Compulsory pilotage, the IMO and the UNCLOS

    Torres Strait52

    Straits of Malacca and Singapore83

    Concluding remarks

    Chapter 4: Navigational rights and marine scientific research: a further clarification?

    Abstract:

    Introduction

    Marine scientific research and the UNCLOS

    State practice

    Chinese regulations

    Hydrographic surveying and marine scientific research

    Conclusion

    Part 3: Safety of navigation from national perspectives

    Chapter 5: South Korea and the safety of navigation: uncertainty derived from undefined fences

    Abstract:

    Introduction

    South Korea v. North Korea1

    South Korea v. China

    The way forward: from the lesson of EEZ negotiation cooperation with China and Japan

    Chapter 6: A Japanese researcher’s perspective on maritime navigation

    Abstract:

    Introduction

    A view on navigation in the EEZ

    The EEZ Group 21 on navigation in EEZs

    The guidelines drawn up by the EEZ Group 21

    Follow-up of the Guidelines

    Preamble

    1 Definitions

    2 Rights and Duties of the Coastal State

    3 Rights and Duties of Other States

    4 Maritime Surveillance

    5 Military Activities

    6 Non-Interference with Electronic Systems

    7 Suppression of Piracy and Other Unlawful Activities

    8 Marine Scientific Research

    9 Hydrographic Surveying

    10 Transparency of Legislation

    Chapter 7: Freedom of navigation and peaceful uses of the seas: UNCLOS, Chinese perspectives and personal thoughts

    Abstract:

    Purpose and structure

    “Freedom of navigation” and “navigational rights” under the UNCLOS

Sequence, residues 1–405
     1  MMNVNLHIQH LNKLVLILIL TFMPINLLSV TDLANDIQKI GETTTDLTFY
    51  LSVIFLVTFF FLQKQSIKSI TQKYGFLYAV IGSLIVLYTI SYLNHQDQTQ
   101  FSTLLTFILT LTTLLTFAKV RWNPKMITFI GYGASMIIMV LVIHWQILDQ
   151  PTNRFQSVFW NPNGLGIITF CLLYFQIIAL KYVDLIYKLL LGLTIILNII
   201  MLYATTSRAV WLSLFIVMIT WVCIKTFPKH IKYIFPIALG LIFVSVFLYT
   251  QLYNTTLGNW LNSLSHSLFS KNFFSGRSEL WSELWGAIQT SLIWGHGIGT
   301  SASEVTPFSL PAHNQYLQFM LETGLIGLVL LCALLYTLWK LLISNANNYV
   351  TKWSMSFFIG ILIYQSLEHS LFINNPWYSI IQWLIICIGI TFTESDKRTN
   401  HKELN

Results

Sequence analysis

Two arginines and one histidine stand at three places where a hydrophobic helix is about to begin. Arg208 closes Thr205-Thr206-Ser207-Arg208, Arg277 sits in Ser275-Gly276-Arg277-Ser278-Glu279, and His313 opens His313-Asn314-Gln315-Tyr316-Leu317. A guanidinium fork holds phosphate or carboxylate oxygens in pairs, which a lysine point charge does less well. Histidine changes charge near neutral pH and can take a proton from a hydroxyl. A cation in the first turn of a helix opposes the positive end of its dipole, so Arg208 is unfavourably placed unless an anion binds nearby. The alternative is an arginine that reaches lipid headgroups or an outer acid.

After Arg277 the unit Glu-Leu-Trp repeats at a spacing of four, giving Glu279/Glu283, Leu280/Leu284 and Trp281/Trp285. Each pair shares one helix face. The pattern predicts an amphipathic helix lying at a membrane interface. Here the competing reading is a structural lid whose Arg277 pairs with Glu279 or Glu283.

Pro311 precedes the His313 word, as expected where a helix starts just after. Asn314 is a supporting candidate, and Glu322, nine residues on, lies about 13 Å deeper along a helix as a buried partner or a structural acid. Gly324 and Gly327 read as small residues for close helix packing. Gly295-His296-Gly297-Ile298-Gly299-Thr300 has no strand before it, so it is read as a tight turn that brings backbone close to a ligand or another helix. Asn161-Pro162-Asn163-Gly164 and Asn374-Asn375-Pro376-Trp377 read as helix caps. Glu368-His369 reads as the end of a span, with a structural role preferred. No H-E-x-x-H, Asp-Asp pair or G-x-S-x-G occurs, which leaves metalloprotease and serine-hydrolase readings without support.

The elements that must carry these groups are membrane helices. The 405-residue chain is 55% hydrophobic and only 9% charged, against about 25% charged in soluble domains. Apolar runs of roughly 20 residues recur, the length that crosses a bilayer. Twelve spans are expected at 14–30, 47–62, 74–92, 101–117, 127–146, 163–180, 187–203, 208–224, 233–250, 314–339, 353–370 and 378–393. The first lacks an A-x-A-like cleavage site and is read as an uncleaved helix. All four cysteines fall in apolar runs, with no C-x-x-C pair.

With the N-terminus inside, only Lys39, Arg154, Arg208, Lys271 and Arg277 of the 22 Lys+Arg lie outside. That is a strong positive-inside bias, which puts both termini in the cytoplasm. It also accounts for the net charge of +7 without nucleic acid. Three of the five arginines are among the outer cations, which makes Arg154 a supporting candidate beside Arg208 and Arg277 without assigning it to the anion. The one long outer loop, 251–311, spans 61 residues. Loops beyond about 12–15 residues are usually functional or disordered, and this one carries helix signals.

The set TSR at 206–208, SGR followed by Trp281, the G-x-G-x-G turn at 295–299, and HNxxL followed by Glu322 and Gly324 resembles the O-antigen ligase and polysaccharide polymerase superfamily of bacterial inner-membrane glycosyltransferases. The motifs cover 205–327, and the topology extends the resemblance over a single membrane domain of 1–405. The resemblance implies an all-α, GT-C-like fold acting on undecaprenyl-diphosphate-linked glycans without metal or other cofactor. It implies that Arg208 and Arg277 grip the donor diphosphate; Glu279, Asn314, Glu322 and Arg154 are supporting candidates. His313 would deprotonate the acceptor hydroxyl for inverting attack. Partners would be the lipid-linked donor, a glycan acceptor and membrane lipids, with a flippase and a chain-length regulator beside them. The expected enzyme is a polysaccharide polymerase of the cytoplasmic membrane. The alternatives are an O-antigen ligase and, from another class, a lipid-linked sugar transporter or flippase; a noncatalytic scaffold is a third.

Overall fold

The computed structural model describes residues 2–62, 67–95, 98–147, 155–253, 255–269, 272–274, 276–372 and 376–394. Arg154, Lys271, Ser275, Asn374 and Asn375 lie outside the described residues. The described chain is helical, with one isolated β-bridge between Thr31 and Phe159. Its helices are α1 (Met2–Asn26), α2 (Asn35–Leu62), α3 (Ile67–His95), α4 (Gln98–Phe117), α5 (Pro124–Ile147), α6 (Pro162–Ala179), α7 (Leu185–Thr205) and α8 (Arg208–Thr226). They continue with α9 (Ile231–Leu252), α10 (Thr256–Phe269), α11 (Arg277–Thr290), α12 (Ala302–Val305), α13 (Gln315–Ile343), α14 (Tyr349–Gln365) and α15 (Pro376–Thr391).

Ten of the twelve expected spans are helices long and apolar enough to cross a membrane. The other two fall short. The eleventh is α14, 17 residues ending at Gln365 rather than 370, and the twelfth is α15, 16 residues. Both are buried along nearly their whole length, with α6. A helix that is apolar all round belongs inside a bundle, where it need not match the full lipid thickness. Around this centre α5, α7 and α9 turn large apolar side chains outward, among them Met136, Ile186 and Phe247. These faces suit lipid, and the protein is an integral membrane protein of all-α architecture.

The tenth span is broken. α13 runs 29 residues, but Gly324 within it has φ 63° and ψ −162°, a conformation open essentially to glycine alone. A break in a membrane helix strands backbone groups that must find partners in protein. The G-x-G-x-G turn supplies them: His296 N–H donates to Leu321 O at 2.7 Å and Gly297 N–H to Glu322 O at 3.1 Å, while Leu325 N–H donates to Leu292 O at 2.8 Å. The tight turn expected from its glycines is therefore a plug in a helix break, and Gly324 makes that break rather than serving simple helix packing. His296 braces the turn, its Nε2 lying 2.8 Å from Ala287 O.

Peaceful use of the seas and the use of force

    China’s perspectives

    Concluding remarks

    Chapter 8: Foreign military activities in the EEZ: preliminary views from Malaysia

    Abstract:

    Introduction

    Why does Malaysia object to foreign states conducting military activities in its EEZ?

    Malaysian maritime laws

    Malaysia is not alone in opposing foreign military activities in EEZs

    Concluding remarks

    Chapter 9: Singapore’s South China Sea policy: implications for freedom and safety of navigation

    Abstract:

    Introduction

    A review of Singapore’s South China Sea statements

    Singapore’s South China Sea policy

    Determinants of Singapore’s South China Sea policy

    Singapore’s South China Sea policy: a continuation of its overall foreign policy

    Part 4: Navigational issues in the South China Sea

    Chapter 10: Cooperative mechanism for safety and security of navigation and ocean governance in the South China Sea

    Abstract:

    Introduction

    Background to current South China Sea conflict situation

    Navigation and ocean governance as traditional security issues in the South China Sea: legal/political aspects

    Charting an institutionalised cooperative mechanism for non-traditional security issues

    Normative cooperation framework under UNCLOS for non-traditional security concerns in the South China Sea

    Parties to maritime governance cooperation for the South China Sea: cooperation structure

    Other major South China Sea cooperation issues

    Institutionalised regional cooperation

    Conclusions: the South China Sea situation – the real story

    Chapter 11: Rethinking the coastal states’ and user states’ interests in the South China Sea: bridging the perception gap and sharing the responsibilities

    Abstract: